Study results also highlight the use of in-home monitoring from Emerald, a contactless radio-wave-based home monitoring system, to enable a large number of passively derived measurements of clinical progression including gait speed, time in bed, sleep and vital signs. Ten FSHD patients were observed in their homes for three months. In addition to in-home gait speed, novel metrics including assessments of sleep schedule variability and eTUG (the time from motion initiation within the bed to moving two meters away from the bed edge) were derived. Emerald’s in-home measurements were strongly correlated with clinical metrics. As the number of measurements increased, Emerald’s metrics became increasingly sensitive and were shown to detect smaller fluctuations in disease progression.
“As we advance our clinical development program for losmapimod for the treatment of FSHD, we are also continually working to improve our ability to assess disease progression based on the most clear and effective outcome measures,” said Chris Moxham, Ph.D., Fulcrum’s chief scientific officer. “Assessments based on musculoskeletal MRI and clinical outcomes may be key to demonstrating patient benefit in this population. We expect full data from our Phase 2b ReDux4 trial late in the second quarter of this year, which will provide additional insights to inform the path forward for losmapimod in the treatment of FSHD.”
FSHD is characterized by progressive skeletal muscle loss that initially causes weakness in muscles in the face, shoulders, arms and trunk, and progresses to weakness throughout the lower body. Skeletal muscle weakness results in significant physical limitations, including an inability to smile and difficulty using arms for activities, with many patients ultimately becoming dependent upon the use of a wheelchair for daily mobility.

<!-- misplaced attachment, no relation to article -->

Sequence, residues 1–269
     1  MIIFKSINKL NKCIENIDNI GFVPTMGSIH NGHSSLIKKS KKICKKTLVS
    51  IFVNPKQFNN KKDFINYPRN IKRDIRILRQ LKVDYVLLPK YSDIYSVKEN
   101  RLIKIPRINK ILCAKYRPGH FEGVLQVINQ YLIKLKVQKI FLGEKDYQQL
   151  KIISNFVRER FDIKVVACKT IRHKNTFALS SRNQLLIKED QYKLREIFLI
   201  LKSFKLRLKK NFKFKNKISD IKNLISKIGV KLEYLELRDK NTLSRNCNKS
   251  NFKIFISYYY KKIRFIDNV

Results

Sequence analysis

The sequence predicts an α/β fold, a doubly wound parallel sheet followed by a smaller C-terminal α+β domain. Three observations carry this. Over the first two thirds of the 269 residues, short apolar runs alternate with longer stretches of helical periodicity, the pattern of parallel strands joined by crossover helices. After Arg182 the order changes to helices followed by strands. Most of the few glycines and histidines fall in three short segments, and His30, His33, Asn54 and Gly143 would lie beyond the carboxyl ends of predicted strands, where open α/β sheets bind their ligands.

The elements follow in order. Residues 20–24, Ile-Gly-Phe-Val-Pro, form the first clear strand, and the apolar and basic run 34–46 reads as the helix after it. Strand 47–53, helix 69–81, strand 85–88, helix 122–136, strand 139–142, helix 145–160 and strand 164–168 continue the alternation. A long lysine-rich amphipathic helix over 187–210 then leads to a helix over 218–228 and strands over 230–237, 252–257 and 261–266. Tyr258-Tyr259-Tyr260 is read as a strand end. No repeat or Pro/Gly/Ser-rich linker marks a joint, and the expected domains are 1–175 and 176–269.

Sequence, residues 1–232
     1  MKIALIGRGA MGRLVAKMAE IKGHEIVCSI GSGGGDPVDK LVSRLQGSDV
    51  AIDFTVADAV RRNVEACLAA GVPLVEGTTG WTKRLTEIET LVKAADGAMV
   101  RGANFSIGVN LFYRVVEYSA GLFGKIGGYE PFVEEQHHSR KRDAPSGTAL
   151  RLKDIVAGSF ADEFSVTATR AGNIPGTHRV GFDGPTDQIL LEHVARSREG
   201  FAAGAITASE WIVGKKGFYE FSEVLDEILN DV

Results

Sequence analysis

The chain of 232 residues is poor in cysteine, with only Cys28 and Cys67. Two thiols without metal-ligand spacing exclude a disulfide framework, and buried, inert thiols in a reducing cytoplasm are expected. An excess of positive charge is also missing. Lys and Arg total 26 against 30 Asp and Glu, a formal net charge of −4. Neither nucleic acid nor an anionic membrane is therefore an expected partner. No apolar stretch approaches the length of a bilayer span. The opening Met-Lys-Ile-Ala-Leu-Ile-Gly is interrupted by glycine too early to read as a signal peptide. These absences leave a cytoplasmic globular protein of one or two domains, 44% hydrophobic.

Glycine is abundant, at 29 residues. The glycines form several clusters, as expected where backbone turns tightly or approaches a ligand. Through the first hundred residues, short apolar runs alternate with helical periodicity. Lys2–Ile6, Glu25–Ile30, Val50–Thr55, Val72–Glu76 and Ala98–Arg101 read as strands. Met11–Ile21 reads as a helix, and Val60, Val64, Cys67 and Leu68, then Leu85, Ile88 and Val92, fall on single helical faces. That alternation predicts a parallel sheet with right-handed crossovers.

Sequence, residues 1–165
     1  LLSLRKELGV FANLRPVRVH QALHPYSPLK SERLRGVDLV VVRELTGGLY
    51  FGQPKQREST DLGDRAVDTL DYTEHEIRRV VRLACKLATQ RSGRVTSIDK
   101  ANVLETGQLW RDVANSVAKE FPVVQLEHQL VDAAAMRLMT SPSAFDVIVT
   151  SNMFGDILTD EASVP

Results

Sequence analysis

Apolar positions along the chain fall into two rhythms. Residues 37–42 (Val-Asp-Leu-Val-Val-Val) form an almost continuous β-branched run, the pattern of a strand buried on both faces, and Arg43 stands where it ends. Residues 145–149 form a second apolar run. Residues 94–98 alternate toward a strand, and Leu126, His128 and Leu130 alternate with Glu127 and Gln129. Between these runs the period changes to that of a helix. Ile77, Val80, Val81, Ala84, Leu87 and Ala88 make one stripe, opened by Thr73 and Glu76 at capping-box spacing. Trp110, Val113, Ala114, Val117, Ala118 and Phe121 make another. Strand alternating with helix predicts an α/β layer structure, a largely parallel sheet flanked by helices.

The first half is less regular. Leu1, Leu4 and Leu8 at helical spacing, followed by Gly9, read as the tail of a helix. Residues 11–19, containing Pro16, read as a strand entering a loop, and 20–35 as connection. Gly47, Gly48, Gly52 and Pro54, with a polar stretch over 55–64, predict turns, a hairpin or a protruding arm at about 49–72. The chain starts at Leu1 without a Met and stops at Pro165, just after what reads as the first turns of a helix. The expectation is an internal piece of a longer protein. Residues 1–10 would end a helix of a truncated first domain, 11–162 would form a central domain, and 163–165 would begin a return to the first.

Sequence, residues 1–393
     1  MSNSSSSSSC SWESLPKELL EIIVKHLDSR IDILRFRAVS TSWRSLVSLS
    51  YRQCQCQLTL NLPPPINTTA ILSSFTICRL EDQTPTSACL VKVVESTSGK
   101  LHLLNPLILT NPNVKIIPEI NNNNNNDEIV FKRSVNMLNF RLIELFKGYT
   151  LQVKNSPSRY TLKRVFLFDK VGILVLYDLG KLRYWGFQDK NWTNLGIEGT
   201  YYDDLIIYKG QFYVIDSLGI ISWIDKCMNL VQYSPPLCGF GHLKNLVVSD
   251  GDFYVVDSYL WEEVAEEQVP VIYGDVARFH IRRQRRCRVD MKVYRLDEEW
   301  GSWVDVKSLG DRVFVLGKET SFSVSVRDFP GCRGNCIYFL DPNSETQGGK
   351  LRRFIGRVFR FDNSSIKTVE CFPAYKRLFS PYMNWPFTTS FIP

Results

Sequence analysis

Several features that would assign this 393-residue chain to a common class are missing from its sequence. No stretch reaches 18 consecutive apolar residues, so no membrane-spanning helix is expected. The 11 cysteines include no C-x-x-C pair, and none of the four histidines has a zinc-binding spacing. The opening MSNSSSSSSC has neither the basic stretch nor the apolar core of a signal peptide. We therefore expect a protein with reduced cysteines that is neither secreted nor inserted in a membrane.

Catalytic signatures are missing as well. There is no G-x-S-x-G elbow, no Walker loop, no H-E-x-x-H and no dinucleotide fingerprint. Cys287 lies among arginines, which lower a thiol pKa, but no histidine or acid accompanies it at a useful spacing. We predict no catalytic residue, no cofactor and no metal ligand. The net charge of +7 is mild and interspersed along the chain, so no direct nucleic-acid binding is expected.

FSHD is caused by mis-expression of DUX4 in skeletal muscle, resulting in the presence of DUX4 proteins that are toxic to muscle tissue. Normally, DUX4-driven gene expression is limited to early embryonic development, after which time the DUX4 gene is silenced. In people with FSHD, the DUX4 gene is turned “on” as a result of a genetic mutation. The result is death of muscle and its replacement by fat, leading to skeletal muscle weakness and progressive disability. There are no approved therapies for FSHD, one of the most common forms of muscular dystrophy, with an estimated patient population of 16,000 to 38,000 in the United States alone.
Losmapimod is a selective p38α/β mitogen activated protein kinase (MAPK) inhibitor that was exclusively in-licensed from GSK by Fulcrum Therapeutics following Fulcrum’s discovery of the role of p38α/β inhibitors in the reduction of DUX4 expression and an extensive review of known compounds. Utilizing its internal product engine, Fulcrum discovered that inhibition of p38α/β reduced expression of the DUX4 gene in muscle cells derived from patients with FSHD. Although losmapimod has never previously been explored in muscular dystrophies, it has been evaluated in more than 3,500 subjects in clinical trials across multiple other indications, including in several Phase 2 trials and a Phase 3 trial. No safety signals were attributed to losmapimod in any of these trials. Fulcrum is currently conducting Phase 2 trials investigating the safety, tolerability, and efficacy of losmapimod to treat the root cause of FSHD.
About Fulcrum Therapeutics
Fulcrum Therapeutics is a clinical-stage biopharmaceutical company focused on improving the lives of patients with genetically defined rare diseases in areas of high unmet medical need. Fulcrum’s proprietary product engine identifies drug targets which can modulate gene expression to treat the known root cause of gene mis-expression. The company has advanced losmapimod to Phase 2 clinical development for the treatment of facioscapulohumeral muscular dystrophy (FSHD). Fulcrum has also advanced FTX-6058, a small molecule designed to increase expression of fetal hemoglobin for the treatment of sickle cell disease and beta thalassemia into Phase 1 clinical development.
Please visit www.fulcrumtx.com.